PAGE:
A Posture of Wonder


By Naomi Williams | Twitter: @NaomiWilliams87


I’d spent a few weeks mulling over my One Word for this year when a question stirred: What are you afraid of? The answer came to me as I cycled past the creaking clock tower of Kings Cross station, bubbling up to the surface with aching familiarity.

I am afraid of my dreams remaining as dreams.

I’m definitely an ideas girl—strings of dreams in my heart jostle for attention, but I often lack the discipline to create space for them. This means I often carry a looming sense of anxiety, and perhaps, failure.

I’m scared of crying tears while my hands remain numb.

Yes. This is my fear. Don’t get me wrong—I believe dreaming and crying are such good, God-breathed things. I simply felt I was missing some pieces of the jigsaw in which I would be stirred into more action from my dreams and tears. I wanted to be moved to meaningful action. I wanted my dreams to bear fruit.

Thoreau wrote, “Most men lead lives of quiet desperation and go to the grave with their song still in them.” This terrifies me.

I felt relief to speak it out, and I exhaled. I thought then that the One Word I chose for this year ought to fix this problem immediately. I chewed over words like “leap or “activate.” That would fix my problem, right?

But my unease didn’t disappear as I cycled on. I don’t think I need encouragement to do more stuff; saying “yes” comes ten times more easily than “no” to a Type Two Enneagram-er like me.

My sense is that in doing All The Stuff, I haven’t made space to nurture the best dreams.

The big, wild, this-is-what-we-are-made-for dreams. I thought about the stuff I did last year—good stuff—but much of it came from a place of anxiety; anxiety that if I said no, I would be left carrying the echoes of a sputtering song in my heart. And in the midst of it all, I often felt like I was missing the point.

It was at almost the exact same spot, by the creaking clock tower on my way home, that I met an old friend. We had once shared a house in Uganda and as our reminiscing interweaved with Where-are-you-now, he talked about living in wonder, bewilderment, surprise. This, he said, is what he is practicing, in contrast to the modus operandi of a world that specialises in anxiety.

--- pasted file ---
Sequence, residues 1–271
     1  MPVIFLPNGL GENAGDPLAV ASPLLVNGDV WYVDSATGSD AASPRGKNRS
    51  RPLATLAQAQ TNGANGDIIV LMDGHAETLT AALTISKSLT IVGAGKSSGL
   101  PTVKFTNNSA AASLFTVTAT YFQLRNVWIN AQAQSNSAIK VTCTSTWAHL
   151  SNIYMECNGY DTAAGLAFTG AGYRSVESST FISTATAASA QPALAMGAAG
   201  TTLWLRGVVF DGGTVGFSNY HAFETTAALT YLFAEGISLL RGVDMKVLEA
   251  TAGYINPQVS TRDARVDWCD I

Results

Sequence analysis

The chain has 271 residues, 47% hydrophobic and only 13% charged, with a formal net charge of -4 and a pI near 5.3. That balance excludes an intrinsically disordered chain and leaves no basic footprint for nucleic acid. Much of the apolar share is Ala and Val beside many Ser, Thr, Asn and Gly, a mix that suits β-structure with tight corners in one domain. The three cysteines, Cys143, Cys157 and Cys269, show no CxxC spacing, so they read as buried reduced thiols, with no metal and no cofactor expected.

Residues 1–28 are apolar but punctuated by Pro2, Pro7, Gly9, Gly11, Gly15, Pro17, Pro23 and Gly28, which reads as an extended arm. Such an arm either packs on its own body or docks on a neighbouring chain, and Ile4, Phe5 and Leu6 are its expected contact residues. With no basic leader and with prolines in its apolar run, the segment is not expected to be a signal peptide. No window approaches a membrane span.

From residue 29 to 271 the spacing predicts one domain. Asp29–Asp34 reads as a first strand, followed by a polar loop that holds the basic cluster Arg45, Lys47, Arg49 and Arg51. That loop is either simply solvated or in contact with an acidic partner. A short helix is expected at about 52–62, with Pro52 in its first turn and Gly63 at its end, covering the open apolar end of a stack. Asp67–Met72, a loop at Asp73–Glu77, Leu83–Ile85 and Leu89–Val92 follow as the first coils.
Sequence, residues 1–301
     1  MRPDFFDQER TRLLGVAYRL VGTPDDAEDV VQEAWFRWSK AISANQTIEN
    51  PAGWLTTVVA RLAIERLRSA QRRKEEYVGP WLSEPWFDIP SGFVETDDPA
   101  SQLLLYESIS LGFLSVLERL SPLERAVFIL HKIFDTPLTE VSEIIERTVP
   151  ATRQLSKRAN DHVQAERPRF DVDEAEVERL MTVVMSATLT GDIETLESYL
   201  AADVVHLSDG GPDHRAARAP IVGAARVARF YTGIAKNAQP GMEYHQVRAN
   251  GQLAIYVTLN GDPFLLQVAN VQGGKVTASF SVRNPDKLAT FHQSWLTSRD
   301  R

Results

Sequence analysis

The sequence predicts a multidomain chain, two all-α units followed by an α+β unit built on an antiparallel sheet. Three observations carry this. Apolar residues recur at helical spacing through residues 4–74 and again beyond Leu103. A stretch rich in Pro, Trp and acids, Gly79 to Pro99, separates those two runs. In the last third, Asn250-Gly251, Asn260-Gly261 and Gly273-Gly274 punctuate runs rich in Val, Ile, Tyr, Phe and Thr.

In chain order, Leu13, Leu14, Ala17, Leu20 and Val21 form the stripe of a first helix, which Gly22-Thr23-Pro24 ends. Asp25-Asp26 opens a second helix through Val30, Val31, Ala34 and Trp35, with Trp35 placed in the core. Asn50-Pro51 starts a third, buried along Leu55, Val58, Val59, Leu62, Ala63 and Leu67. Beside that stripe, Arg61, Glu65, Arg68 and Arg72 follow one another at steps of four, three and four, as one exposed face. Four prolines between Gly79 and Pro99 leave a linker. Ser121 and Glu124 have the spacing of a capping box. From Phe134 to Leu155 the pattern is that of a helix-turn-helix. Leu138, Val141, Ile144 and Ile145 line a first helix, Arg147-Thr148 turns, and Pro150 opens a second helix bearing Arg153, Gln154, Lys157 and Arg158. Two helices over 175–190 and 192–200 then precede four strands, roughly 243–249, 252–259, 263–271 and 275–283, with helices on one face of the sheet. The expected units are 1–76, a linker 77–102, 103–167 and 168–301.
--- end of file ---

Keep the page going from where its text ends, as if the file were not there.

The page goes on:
The Holy Spirit began breathing in a gentle way, like a warm breeze permeating the stiff and the anxious—refreshing, restoring, unearthing. Something about wonder felt right and true. I found myself clapping my hands as my friend-turned-Archimedes continued sharing and I realised afresh the fantastical beauty of a God who will create sacred places for communion right into the frayed edges of our lives. Right here, between two friends sitting in a pub with sticky tables and faded wallpaper and karaoke tunes playing in Kings Cross.

And the next day, Sarah Bessey wrote a beautiful post called Chasing Wonder. If I hadn’t been at work, I would have clapped again.

My mind reeled that night as I cycled home. Wonder.

On the one hand it feels alien. On the other, like a warm, familiar blanket. My friend says he practices wonder. We’ve gotten out of the habit, perhaps? I knew there are precious secrets tucked away in that word.